As genealogist we follow a process, so why do we Google so haphazardly? Bring method to the madness of millions of results with this tried and true methodology for using Google for your genealogy research. Google expert and author of The Genealogist’s Google Toolbox, Second Edition Lisa Louise Cooke will walk you through the process, provide you with the tools and WOW your socks off with real- life examples of Googling success. You will leave this class inspired to revisit using Google for your online searches, and armed with the latest strategies to do so successfully. Not everything is online by any stretch, but even offline sources are more efficiently discovered and accessed when you start online. And the fastest and most effective way to locate online data, whether it resides on a university website or the blog of a distant cousin you’ve never met, is Google!
2d. Brick Walls session – Peter and Linda Darby and distinguished helpers – in the Glass Room
Everyone runs into brick walls sooner or later. Bring examples of your best brick walls to this session and see if our panel can give you some suggestions to overcome the obstacles. We don’t promise we can solve all problems but we’ll try our best!
Lunch – 12:10
Session 3 – 1:10 to 2:10
3a. Find My Past – Deanna Bullock – in the Chapel
FMP is a partner program for FamilySearch.org and while it has primarily had a focus towards British sources, it is expanding rapidly into the United States. Learn how to use this powerful database and tree features to search for your ancestors.
3b. Using Maps and Gazetteers – Peter and Linda Darby – in the Relief Society Room
Why use maps and gazetteers? They can help us add to our knowledge of the lives of our ancestors, and help us analyze data. How far away from the rest of the family is that potential ancestor? Can we access these tools online?
3c. Become a Master Searcher on Ancestry – Anne Mitchell (Video Session from Rootstech 2016) – in the Triple Room (south side of building)
There are over 16 billion records on Ancestry in over 30,000 data collections. Are you finding your ancestors in all of them? Spend some time with us and we will show you what you need to know to get the most out of Ancestry. Whether you are trying to answer a specific question or just trying to find everything you can about a specific person, we will show you how to achieve your goal.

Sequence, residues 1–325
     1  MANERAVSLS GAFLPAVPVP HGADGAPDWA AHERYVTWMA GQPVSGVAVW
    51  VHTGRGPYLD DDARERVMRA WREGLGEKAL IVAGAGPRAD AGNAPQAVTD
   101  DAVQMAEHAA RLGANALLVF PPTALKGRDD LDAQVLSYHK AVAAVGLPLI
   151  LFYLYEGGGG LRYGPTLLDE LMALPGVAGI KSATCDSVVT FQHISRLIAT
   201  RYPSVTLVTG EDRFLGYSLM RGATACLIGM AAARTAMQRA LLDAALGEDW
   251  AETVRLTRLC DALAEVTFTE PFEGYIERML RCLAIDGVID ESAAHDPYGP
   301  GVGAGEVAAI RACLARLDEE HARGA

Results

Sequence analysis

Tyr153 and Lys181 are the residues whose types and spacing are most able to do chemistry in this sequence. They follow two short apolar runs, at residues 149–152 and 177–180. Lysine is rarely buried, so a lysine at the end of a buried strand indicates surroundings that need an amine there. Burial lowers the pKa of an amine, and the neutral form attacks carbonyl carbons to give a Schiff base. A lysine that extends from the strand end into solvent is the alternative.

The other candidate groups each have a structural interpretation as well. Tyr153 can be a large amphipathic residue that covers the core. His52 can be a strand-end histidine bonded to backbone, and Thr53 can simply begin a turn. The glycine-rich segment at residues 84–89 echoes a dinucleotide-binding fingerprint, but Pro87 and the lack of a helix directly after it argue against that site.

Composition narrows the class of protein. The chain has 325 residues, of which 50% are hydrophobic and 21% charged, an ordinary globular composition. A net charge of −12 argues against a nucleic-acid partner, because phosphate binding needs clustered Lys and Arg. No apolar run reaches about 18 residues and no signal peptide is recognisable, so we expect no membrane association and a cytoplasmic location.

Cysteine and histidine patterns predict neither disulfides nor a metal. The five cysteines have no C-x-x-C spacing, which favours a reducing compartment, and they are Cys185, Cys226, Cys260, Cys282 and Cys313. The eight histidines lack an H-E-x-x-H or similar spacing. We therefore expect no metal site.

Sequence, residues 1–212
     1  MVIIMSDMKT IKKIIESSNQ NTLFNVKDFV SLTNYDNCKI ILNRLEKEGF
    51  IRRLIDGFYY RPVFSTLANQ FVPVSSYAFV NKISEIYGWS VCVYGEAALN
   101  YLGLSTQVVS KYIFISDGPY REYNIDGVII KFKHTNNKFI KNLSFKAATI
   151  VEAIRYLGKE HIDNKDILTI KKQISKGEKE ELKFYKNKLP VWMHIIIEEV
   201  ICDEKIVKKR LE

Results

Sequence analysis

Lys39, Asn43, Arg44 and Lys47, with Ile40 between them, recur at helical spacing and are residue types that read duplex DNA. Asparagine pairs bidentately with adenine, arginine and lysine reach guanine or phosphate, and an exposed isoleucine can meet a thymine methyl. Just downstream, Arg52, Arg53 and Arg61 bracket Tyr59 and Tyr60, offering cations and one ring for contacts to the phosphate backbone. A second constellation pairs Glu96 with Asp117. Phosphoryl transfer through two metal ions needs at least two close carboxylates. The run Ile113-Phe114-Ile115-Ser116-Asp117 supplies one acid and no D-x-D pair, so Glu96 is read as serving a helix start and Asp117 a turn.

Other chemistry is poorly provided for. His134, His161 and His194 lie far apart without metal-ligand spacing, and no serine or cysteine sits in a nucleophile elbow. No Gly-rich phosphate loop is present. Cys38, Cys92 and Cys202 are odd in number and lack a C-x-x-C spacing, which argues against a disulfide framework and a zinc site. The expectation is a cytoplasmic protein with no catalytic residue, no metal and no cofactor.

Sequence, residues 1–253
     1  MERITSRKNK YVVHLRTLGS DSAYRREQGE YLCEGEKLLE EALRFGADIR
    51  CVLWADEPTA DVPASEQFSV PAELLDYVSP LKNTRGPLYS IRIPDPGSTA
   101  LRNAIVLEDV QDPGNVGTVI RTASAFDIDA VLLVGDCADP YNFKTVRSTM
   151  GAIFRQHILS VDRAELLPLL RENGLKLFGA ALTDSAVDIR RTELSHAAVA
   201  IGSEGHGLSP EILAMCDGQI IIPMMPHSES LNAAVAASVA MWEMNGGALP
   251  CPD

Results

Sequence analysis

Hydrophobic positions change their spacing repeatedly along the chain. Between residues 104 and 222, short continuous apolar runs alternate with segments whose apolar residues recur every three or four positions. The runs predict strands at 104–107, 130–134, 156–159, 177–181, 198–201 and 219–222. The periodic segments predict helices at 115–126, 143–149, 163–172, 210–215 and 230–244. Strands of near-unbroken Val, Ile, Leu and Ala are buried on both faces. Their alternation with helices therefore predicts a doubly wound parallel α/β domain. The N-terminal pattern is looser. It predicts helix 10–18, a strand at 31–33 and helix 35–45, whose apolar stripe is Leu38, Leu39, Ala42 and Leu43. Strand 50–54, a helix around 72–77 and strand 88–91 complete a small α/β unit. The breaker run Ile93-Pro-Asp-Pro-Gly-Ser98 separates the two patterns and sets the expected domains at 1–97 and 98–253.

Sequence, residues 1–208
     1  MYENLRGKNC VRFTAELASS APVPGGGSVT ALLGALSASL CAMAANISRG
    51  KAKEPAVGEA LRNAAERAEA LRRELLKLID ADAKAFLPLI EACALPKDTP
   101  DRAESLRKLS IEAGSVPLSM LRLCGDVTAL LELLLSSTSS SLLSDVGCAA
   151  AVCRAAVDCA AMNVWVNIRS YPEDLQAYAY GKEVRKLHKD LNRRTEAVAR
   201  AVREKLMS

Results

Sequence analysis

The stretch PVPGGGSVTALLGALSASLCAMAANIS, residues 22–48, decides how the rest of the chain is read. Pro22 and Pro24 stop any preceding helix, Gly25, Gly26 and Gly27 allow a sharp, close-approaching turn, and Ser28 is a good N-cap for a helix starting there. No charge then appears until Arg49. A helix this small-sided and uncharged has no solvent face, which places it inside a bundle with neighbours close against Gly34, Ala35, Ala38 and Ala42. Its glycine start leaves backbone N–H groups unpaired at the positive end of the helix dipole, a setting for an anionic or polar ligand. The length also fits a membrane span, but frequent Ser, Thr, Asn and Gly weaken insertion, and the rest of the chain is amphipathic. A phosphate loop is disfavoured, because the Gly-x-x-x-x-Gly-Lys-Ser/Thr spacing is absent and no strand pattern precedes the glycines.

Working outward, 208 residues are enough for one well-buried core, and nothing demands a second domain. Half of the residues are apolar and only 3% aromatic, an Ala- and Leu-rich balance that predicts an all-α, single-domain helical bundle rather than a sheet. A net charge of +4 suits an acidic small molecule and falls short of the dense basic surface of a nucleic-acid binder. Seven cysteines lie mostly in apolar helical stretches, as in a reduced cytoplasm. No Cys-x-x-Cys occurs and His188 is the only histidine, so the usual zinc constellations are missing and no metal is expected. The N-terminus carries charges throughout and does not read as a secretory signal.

Session 4 – 2:20 to 3:20
4a. Ancestry Tips & Tricks for finding & searching their databases – Deanna Bullock – in the Chapel
Ancestry is a partner program for FamilySearch.org. Its primary database focus is the United States with excellent databases existing for Canada, England, Wales and a growing number of additional countries.
4b. British Research Strategies – Peter and Linda Darby – in the Relief Society Room
Have you found you have British ancestors? Now what do you do? What are the major record types and where can you access them? How do you find information for your parish? Terminology such as the difference between a registration district and a rural deanery.
4c. Finding Elusive Records on FamilySearch.org – Robert Kehrer (Video Session from Rootstech 2016) – in the Triple Room (south side of building)
What do you do if your ancestor’s records doesn’t come up in your initial search? A significant portion of the records on FamilySearch are not indexed and can’t be searched using the form. For a number of historical, technical or genealogical reasons, an ancestor’s record may be challenging to find. This session will walk through some of the common difficulties confronted by researchers and demonstrate how to use the FamilySearch systems to find that elusive record.
Concluding Session – 3:30 to 3:50 – in the Chapel
Please complete an evaluation form at the end of the day – we appreciate your suggestions. You will see a change in room locations this year as a result of feedback we received.
We look forward to seeing you on 19 March.